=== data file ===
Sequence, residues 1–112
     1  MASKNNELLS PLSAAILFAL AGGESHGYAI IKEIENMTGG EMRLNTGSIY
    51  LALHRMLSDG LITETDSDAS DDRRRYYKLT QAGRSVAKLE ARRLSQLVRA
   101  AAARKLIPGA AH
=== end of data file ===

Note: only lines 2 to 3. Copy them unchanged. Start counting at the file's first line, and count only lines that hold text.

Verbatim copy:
     1  MASKNNELLS PLSAAILFAL AGGESHGYAI IKEIENMTGG EMRLNTGSIY
    51  LALHRMLSDG LITETDSDAS DDRRRYYKLT QAGRSVAKLE ARRLSQLVRA